Page 39 - Final Report-8 NO TRANSPARENCY

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Resilient urban systems:
a socio-technical study of community scale climate change adaptation initiatives
Many householders at Aurora noted that their knowledge/awareness of energy and water, and broader
sustainability issues, had increased since moving to the development. There are many possible explanations
for this, including the availability of recognisable technologies around the home, and the tendency for
environmental narratives to become ‘normalised’ in the community (Newman and Dale, 2004). However,
maladaptive technologies can also become normalised:
“But when it’s the standard to use those things I guess you don’t even think outside the
square, you think I’ve got the dryer I’ll just put them in the dryer.” (A3)
Developers and builders may further entrench the ‘normalisation’ of such practices by making them part of
the house package:
“The site supervisor was kind enough to let our air conditioning guy come in and pre-wire
or pre-pipe it all, because we’ve got four units upstairs and one here.” (A5)
“It was part of the house and land package… with that particular builder, because not
everybody has it, most people have the evaporative yeah.” (A6)
In terms of resilience, diversity is generally regarded as a good thing. The greater the range of experiences
that exists in the community, the greater the corresponding range of response options available to
be shared. This research found that practices which align with associated technical and institutional
arrangements, and incentives for increased resilience, tend to persist.
“We’ll tend to recycle a lot more things now…we didn’t realise certain things could be
recycled and others not.” (A1)
“If you get exposed to something, you query it, see how good it is, see if it fits in with your
ideas, maybe listen to someone else.” (W7)
In WestWyck, the profile of interviewed householders in terms of age, household unit and cultural
background suggests that a degree of homogeneity exists. In a community that primarily comprises
householders with extensive knowledge, interest, skills and/or experience related specifically to sustainability,
homogeneity is less of a challenge to resilience than it might otherwise be. At Aurora, interviewees included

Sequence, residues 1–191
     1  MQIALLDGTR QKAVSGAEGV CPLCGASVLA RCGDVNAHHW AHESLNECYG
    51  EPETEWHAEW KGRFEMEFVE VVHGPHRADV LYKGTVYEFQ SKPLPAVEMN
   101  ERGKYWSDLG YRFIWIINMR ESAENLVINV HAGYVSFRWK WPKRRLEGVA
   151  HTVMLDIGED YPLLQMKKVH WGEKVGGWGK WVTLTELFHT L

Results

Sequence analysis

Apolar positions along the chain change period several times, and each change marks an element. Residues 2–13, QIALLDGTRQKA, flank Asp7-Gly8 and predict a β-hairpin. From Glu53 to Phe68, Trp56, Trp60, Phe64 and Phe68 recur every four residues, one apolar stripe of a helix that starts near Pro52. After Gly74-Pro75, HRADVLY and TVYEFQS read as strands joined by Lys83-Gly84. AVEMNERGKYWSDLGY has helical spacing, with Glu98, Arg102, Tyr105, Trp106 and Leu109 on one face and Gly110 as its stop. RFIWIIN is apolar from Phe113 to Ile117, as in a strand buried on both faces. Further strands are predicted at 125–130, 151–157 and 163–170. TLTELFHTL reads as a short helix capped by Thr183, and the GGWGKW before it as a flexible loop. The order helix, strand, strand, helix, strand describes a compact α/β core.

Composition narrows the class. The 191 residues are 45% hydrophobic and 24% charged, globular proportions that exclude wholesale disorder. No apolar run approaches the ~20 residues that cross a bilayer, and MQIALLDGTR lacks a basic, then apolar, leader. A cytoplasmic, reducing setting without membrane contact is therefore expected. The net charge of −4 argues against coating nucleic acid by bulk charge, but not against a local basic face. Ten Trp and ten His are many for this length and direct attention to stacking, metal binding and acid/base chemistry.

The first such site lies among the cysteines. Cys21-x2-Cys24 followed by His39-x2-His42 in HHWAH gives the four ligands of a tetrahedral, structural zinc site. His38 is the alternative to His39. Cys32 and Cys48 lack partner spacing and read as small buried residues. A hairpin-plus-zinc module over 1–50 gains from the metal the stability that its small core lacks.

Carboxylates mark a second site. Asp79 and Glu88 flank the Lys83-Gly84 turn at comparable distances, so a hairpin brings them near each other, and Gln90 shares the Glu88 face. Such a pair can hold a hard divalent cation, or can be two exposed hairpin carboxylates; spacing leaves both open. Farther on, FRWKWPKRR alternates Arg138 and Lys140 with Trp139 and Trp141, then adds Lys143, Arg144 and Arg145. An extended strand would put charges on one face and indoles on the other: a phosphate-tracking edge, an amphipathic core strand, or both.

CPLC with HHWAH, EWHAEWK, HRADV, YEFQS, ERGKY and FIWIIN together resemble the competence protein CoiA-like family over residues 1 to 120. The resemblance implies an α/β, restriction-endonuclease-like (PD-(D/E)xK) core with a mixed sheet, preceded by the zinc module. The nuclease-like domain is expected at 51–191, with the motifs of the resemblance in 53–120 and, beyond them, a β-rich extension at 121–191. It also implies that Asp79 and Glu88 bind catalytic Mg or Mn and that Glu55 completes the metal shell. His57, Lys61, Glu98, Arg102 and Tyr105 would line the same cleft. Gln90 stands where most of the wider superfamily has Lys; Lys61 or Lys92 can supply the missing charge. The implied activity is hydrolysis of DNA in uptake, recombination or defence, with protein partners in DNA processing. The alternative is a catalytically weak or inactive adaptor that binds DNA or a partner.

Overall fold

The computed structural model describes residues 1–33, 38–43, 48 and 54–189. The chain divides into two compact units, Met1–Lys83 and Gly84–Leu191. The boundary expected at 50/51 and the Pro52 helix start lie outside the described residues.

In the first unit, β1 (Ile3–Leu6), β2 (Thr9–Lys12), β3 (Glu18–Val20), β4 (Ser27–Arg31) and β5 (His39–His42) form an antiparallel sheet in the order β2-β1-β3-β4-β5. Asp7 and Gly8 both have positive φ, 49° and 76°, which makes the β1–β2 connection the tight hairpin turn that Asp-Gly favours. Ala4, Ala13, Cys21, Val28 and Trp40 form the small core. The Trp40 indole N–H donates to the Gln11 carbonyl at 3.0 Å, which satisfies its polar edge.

Australians (4) most of whom had been raised in the country where only tank water was available, so they
grew accustomed to short showers and flushing using a bucket; and migrants (6) who variously refer to
earlier periods in their lives where they learned to adapt to having no water or power for three hours every
day, or not having appliances such as clothes dryers. The diversity that exists in the Aurora community
is a valuable asset that could be leveraged in the event of disturbance. However, in order to benefit from
diversity, a community needs to have mechanisms by which this knowledge can be shared; mechanisms
that facilitate community cohesion.
Community cohesion and knowledge sharing
Community cohesion, defined as the “social ties and community commitments that bind people together”
(ABS, 2002, Berger-Schmitt, 2000) can emerge naturally in a community and can also be facilitated,
supported or enhanced through community organisations and activities (Berger-Schmitt, 2000, Holdsworth
and Hartman, 2009). The significance of community cohesion for system resilience has been noted in the
broader resilience literature (Adger et al., 2005, Cutter et al., 2008, Gilchrist, 2009), as Gilchrist explains:
“It [a well-connected community] is a means of managing chaos, building resilience and devising innovative
collective solutions to intractable problems”
(Gilchrist, 2009)
At WestWyck, described by one householder as an “instant neighbourhood”, community cohesion was an
intrinsic, explicit aim of the development from the outset and, by householders’ own accounts, has been